Furious, the Orcs gathered at Mount Gundabad under the command of Bolg to seek revenge and secure domination of the North. The goblins were about to sweep southward when they learned of the death of Smaug and marched by night through the mountains and appeared unexpectedly at Erebor, almost immediately after the arrival of Dáin Ironfoot, and participated the Battle of Five Armies.[9] It ended in defeat for the Orcs (three fourths of their entire population killed), and left the Misty Mountains free of them for many years afterwards.[10]

In 2989 Balin left the Lonely Mountain and entered Moria with other Dwarves to start a colony and restore Khazad-dûm. The Orcs later counter-attacked, and in 2994, the entire expeditionary force was besieged and destroyed.[3][11]

War of the Ring

By the time of the War of the Ring, the Orcs of the Mountains though permanently depleted, reclaimed Moria but fell under the command of Sauron and Saruman. The Orcs of Moria attacked the Fellowship of the Ring and had a major showdown in the Battle of the Chamber of Mazarbul.[11] Following them, a band of Orcs crossed the Nimrodel, but they were destroyed by a regiment of the Galadhrim.[12]

Some were amongst the party of Orcs that attacked and captured Merry and Pippin at Parth Galen.[13]

The Longbeards eventually succeeded in recapturing Moria, which suggests that the Orcs of the Misty Mountains diminished.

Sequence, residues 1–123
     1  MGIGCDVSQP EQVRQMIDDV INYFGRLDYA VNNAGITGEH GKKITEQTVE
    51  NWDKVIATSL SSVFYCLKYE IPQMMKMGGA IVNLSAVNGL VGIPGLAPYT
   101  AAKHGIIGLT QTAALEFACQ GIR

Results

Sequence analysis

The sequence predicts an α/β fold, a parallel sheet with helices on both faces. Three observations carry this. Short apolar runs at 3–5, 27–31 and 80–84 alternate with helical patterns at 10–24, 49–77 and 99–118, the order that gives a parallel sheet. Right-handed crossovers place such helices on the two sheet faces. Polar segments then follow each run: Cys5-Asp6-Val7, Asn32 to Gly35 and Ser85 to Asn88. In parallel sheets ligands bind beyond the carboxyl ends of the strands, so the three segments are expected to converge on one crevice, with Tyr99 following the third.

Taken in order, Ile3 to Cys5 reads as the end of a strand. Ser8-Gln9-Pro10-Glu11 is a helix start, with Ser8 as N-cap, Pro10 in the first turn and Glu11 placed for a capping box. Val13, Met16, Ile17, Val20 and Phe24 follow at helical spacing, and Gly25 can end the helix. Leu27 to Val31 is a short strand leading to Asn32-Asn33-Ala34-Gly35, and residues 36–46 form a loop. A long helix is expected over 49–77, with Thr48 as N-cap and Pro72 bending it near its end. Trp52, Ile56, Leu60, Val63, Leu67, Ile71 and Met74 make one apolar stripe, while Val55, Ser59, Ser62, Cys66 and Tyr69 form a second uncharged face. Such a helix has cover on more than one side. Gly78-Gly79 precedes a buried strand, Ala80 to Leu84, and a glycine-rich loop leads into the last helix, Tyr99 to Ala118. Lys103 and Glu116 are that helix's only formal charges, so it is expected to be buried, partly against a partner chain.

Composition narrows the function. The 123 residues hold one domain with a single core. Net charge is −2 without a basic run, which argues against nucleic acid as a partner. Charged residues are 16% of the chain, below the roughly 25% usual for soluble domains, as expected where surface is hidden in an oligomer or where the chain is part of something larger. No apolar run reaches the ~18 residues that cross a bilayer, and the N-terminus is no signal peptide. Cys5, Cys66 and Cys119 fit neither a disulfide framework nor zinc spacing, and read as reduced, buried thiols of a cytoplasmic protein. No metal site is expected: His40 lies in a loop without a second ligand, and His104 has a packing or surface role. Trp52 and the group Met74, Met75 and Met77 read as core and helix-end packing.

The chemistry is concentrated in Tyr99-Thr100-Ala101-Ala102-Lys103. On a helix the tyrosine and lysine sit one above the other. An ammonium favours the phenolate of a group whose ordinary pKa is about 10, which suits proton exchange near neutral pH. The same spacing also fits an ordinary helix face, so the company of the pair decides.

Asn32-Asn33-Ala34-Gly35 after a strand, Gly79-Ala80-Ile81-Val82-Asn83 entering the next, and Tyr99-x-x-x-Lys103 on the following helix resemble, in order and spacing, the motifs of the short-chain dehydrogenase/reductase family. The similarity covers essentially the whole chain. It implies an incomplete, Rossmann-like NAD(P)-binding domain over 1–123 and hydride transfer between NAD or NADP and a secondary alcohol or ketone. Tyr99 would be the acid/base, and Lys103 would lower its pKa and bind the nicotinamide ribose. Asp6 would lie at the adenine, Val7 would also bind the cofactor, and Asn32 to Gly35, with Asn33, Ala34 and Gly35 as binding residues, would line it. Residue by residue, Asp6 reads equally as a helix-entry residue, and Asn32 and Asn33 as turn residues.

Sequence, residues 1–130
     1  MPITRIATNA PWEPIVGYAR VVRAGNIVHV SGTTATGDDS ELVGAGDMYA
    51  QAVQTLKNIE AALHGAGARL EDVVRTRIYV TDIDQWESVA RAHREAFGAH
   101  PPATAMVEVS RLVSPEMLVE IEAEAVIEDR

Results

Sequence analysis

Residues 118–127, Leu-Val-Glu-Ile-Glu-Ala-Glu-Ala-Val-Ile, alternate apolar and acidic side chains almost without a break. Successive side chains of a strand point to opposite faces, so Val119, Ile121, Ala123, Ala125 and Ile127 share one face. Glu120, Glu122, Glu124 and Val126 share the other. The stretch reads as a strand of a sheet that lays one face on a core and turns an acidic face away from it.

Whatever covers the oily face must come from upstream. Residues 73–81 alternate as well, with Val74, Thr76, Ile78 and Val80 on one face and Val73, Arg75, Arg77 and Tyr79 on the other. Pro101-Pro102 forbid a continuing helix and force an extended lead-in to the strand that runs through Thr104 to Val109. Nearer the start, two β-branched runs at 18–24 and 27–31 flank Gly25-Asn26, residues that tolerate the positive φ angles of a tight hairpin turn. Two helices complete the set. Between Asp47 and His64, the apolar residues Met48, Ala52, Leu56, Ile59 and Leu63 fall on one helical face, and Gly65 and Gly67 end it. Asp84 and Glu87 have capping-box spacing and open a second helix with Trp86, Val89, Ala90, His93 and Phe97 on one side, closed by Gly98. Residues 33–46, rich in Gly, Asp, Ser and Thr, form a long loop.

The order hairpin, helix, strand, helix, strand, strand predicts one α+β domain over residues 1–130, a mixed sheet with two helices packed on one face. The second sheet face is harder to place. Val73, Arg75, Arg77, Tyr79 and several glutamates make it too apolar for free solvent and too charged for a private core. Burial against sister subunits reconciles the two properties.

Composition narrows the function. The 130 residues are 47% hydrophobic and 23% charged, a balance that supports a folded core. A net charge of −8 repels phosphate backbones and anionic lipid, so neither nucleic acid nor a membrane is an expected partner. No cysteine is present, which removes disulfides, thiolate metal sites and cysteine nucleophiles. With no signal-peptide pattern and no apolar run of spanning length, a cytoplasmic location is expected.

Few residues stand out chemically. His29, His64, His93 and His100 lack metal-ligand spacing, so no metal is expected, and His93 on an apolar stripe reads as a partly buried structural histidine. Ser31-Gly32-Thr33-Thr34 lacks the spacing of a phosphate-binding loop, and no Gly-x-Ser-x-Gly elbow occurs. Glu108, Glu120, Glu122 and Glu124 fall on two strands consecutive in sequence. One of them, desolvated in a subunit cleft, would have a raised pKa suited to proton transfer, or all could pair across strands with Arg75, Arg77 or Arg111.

1. J.R.R. Tolkien, Christopher Tolkien (ed.), The Peoples of Middle-earth, "Of Dwarves and Men", p. 305
  2. J.R.R. Tolkien, Christopher Tolkien (ed.), Unfinished Tales, "The Disaster of the Gladden Fields"
  3. 3.0 3.1 3.2 3.3 J.R.R. Tolkien, The Lord of the Rings, Appendix B, "The Third Age"
  4. 4.0 4.1 J.R.R. Tolkien, The Lord of the Rings, Appendix A
  5. J.R.R. Tolkien, The Hobbit, "An Unexpected Party"
  6. J.R.R. Tolkien, The Lord of the Rings, Appendix A, "The Númenorean Kings", "Eriador, Arnor, and the Heirs of Isildur"
  7. 7.0 7.1 J.R.R. Tolkien, The Hobbit, "Out of the Frying-Pan into the Fire"
  8. J.R.R. Tolkien, The Hobbit, "Over Hill and Under Hill"
  9. J.R.R. Tolkien, The Hobbit, "The Clouds Burst"
  10. J.R.R. Tolkien, The Hobbit, "The Return Journey"
  11. 11.0 11.1 J.R.R. Tolkien, The Lord of the Rings, The Fellowship of the Ring, "The Bridge of Khazad-dûm"
  12. J.R.R. Tolkien, The Lord of the Rings, The Fellowship of the Ring, "Lothlórien"
  13. J.R.R. Tolkien, The Lord of the Rings, The Two Towers, "The Uruk-hai"